An eye on the markets: New world order of quality
The market for recovered fibre has undergone much change in recent years. Prices have been falling steadily over the last 18 months, with a slight blip at the end of 2018. The number one reason is that our alphabet now starts with Q: the Q of quality!
Quality is a must and should be paid attention to, but this should be news to no one. In 2013 China already gave a warning with Operation Green Fence that the condition of recycling from countries such as the UK was not always good enough, but not everyone listened.
Following that, in 2017 the Chinese Government’s Administration of Customs announced its National Sword campaign to cut the illegal smuggling of foreign waste, which was a tougher regime. Again a lot of people didn’t take this seriously, so they imposed bans on mixed papers and tighter quality specifications. China didn’t want to be seen as the landfill of the world.
When this happened, a lot of the recovered fibre went to other countries until they also opened their eyes and realised that it wasn't what it said on the tin – EN643 or thereabouts. So, Indonesia, Malaysia, Vietnam and Thailand have been clamping down, and India is likely to follow in the near future.
These countries produce a lot of material for the European market, which has very clear guidance around Forest Stewardship Council (FSC) standards. If their European customers – companies such as Unilever – find out that material has not been produced to requirements, because, for example, it has been in contact with clinical waste through a co-mingled collection, then it can be a serious problem. So Asian markets are cutting out the grey areas. An illustration of this is that Indonesia is now considering introducing an export licence requirement, in the same vein as China has already done, to manage the recovered fibre arriving on its shores.
At the moment, recovered fibre will continue to trade as long as it meets the specification. If companies do not have good quality regimes then they will struggle to sell because the Environment Agency is also clamping down. There are already a lot of investigations ongoing: it's a sign that people need to start producing quality.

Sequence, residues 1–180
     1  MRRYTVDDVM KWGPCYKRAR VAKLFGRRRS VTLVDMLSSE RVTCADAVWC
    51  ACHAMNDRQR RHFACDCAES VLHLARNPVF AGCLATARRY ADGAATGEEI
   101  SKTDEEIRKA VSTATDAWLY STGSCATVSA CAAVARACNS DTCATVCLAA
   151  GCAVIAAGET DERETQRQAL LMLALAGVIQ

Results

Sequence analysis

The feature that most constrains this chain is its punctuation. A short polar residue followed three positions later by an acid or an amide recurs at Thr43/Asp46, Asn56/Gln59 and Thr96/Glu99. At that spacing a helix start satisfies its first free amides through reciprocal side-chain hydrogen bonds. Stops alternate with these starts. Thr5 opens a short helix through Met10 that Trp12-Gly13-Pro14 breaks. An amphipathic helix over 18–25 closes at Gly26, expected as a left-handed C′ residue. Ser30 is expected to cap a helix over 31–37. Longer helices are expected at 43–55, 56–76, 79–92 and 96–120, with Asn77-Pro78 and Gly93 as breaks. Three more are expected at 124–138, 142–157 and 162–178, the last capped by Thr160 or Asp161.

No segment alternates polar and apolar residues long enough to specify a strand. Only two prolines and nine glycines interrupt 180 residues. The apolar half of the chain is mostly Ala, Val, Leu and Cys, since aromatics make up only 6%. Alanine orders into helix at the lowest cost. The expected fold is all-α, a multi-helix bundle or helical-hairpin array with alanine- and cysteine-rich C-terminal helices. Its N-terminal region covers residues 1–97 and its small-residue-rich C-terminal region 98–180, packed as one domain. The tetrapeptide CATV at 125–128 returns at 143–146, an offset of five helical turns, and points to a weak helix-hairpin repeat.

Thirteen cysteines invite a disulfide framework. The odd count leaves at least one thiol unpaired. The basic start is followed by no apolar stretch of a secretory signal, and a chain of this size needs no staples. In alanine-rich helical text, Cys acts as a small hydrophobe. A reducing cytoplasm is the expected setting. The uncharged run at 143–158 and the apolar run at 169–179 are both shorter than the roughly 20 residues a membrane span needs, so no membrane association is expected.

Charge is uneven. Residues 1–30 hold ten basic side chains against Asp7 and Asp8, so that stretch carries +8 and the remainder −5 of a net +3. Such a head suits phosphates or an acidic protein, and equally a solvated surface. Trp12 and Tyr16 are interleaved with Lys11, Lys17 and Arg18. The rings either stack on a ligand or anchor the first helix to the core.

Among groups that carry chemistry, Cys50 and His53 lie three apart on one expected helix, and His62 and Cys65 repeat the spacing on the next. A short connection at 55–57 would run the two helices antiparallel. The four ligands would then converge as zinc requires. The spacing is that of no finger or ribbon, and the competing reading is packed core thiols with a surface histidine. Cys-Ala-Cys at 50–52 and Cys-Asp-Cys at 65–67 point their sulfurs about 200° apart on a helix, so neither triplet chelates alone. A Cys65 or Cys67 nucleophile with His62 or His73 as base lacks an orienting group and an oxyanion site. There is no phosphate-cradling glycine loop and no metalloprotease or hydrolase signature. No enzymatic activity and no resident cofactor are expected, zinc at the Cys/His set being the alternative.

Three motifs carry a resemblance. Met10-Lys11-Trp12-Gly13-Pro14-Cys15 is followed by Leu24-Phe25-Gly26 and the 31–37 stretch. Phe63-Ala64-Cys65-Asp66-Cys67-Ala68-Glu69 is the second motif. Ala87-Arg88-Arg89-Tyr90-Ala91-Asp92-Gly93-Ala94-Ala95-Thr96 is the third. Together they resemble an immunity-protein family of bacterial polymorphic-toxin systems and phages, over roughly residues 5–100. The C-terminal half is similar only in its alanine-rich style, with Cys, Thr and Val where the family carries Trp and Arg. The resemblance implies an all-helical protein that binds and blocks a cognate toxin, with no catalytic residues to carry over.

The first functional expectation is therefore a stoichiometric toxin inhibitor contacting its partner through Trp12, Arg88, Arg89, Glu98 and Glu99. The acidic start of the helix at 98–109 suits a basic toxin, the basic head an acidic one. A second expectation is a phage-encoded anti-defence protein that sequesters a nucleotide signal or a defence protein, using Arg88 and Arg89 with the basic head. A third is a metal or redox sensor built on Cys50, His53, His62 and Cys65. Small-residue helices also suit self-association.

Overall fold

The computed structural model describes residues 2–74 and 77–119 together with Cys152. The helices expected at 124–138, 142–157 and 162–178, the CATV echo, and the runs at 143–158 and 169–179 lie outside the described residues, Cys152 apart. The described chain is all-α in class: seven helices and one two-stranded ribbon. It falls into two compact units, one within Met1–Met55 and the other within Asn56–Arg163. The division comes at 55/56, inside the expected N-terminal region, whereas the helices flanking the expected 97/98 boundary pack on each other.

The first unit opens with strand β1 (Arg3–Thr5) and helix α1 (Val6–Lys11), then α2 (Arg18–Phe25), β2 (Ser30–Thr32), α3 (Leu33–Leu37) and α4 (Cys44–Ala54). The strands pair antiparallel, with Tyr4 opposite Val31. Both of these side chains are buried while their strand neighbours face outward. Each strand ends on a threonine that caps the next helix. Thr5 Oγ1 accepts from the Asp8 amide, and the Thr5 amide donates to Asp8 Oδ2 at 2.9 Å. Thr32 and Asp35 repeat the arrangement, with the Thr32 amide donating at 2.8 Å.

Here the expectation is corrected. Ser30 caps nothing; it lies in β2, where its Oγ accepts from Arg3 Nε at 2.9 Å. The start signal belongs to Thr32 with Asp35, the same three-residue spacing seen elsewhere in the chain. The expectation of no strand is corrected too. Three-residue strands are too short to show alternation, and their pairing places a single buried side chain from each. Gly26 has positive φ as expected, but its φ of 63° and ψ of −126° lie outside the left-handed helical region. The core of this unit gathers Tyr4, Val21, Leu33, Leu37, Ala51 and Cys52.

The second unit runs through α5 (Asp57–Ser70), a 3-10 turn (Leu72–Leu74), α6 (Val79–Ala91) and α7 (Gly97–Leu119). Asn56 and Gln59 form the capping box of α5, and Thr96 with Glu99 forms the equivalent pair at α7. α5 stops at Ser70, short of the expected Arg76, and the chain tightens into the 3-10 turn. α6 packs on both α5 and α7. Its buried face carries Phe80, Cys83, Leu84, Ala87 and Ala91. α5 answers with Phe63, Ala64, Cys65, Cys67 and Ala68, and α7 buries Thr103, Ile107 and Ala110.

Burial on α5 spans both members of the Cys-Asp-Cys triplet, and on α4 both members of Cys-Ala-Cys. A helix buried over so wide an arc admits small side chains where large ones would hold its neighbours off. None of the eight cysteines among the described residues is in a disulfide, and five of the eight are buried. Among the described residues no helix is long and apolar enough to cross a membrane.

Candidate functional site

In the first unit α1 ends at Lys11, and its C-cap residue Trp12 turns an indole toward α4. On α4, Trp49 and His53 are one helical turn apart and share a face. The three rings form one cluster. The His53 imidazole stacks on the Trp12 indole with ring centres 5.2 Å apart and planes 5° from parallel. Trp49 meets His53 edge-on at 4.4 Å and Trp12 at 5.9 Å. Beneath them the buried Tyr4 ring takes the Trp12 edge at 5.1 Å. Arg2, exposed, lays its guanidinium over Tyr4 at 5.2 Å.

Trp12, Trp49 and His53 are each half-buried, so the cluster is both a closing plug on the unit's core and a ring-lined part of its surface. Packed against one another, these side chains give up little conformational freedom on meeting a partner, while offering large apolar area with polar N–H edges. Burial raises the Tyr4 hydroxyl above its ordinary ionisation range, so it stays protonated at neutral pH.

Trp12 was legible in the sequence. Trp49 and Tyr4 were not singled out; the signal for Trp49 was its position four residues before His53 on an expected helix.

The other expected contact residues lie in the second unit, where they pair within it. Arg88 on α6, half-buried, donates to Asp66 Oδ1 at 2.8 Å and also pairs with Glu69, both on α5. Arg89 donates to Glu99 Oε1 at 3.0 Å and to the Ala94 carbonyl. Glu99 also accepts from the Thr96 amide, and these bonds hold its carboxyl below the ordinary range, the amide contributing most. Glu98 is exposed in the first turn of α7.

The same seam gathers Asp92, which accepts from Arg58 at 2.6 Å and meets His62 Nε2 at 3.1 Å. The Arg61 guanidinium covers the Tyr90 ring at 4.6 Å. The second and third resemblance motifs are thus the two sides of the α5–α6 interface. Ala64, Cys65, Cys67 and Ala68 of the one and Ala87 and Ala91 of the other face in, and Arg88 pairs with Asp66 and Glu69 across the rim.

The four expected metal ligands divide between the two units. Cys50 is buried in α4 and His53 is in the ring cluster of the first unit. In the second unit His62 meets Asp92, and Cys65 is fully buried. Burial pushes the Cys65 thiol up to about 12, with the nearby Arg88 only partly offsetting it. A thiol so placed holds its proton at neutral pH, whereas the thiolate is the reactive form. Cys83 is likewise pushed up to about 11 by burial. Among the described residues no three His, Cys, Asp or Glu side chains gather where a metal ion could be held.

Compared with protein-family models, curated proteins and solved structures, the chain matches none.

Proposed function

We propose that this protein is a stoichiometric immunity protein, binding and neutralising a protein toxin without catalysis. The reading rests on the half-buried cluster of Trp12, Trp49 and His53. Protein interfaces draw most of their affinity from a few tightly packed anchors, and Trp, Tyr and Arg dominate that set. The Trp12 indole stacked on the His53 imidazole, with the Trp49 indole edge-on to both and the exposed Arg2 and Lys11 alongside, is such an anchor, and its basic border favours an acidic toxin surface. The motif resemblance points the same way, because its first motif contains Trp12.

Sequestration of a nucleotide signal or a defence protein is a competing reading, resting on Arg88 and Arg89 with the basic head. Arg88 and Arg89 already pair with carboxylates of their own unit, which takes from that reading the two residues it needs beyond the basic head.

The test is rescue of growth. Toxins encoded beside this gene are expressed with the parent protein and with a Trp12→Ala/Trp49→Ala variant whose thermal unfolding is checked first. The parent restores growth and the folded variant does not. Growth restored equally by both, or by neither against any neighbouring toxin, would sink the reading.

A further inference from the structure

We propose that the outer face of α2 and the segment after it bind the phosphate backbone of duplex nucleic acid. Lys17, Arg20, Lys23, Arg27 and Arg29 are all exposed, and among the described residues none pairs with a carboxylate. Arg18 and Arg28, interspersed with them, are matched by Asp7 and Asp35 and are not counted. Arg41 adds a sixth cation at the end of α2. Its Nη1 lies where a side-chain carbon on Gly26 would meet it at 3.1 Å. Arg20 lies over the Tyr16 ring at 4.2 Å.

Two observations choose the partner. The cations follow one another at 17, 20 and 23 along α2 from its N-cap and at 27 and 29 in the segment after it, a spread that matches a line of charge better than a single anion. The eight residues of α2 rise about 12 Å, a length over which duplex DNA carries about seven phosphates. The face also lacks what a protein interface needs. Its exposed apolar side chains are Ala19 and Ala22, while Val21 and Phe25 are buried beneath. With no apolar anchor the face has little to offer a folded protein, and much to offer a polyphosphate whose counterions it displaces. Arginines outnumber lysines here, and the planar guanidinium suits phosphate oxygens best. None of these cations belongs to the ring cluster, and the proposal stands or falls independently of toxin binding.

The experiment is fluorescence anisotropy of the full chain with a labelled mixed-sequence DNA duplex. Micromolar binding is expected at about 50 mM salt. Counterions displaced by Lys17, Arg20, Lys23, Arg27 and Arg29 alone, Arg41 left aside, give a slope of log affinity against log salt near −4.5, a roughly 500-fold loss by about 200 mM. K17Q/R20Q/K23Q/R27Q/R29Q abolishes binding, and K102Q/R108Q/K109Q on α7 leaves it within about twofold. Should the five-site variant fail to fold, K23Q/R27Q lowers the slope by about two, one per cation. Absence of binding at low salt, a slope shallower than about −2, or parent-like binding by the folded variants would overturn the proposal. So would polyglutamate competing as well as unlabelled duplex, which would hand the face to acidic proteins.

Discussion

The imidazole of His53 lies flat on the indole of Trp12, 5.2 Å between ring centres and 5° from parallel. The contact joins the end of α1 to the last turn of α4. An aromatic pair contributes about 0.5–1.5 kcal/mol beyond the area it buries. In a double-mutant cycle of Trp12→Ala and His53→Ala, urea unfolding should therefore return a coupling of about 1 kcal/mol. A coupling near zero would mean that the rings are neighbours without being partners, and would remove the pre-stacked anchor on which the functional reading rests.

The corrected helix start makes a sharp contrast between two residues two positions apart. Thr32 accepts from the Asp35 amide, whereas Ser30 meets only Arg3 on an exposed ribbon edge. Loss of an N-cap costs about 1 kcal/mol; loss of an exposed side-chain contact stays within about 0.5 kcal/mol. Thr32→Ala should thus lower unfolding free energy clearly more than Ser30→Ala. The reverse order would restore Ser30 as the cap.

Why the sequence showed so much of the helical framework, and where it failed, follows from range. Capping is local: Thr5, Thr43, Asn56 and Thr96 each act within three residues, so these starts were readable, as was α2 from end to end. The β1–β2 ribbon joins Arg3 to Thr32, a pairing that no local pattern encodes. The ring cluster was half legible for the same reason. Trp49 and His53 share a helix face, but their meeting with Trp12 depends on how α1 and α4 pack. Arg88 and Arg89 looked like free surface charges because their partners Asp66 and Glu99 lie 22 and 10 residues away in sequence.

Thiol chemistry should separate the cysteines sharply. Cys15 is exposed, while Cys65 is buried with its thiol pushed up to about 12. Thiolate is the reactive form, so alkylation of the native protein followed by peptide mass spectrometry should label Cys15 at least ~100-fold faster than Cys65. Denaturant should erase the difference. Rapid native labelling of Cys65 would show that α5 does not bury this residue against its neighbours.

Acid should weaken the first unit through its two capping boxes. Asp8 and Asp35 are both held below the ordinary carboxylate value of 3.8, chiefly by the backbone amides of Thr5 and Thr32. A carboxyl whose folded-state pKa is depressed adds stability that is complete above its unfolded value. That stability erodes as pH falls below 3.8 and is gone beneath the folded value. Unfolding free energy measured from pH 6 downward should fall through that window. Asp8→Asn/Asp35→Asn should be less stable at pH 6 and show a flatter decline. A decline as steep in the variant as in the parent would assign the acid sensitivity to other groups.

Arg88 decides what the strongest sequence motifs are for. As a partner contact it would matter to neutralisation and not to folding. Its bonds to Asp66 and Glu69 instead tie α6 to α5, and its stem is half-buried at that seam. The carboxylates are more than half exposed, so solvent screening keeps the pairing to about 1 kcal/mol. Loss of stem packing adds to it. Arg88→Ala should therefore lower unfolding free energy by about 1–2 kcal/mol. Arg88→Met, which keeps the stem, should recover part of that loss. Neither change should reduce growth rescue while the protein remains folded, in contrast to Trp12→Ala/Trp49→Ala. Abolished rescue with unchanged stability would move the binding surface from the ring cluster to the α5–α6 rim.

Looking ahead, prices will continue to experience downward pressure at the end of this year and early next year as mills have downtime over Christmas and New Year. I know some suppliers are offering material in Southeast Asia for extremely low prices and the price of OCC (cardboard) still has some room to drop.
It’s important to note that there is no obligation to recycle in the US. If the price goes lower, then they have no issues landfilling the material and in some cases they get rebates for this as it can generate good landfill gas. I know that several large MRFs on the West Coast have already been mothballed. So if the price for recovered fibre keeps dropping the US will just stop recycling and this will reduce the downward pressure on the global market.
Looking at the second half of next year, there’s some light at the end of the tunnel with new capacity coming on stream in Eastern Europe and Southeast Asia. However, there will only be a market for quality – inferior material not matching the specification cannot be processed anywhere. It means gate fees at MRFs are likely to rise as material will have to be double or triple sorted, reducing the recycling rate. I know some waste management companies are retrofitting MRFs, to create dedicated lines to optimise quality. They are also going to invest in public communications to make households stop bad habits such as mixing food waste in with their dry recycling.
In the end something has to give. It’s either the government, the collectors or waste management companies, but they have to do something. We need to clean the material up. The industry needs to get its collective heads together because we are heralding a new world order: quality.
Herman van der Meij, Managing Director RCP Export (Global) for DS Smith, gives an update on the market for recovered fibre market for PRNs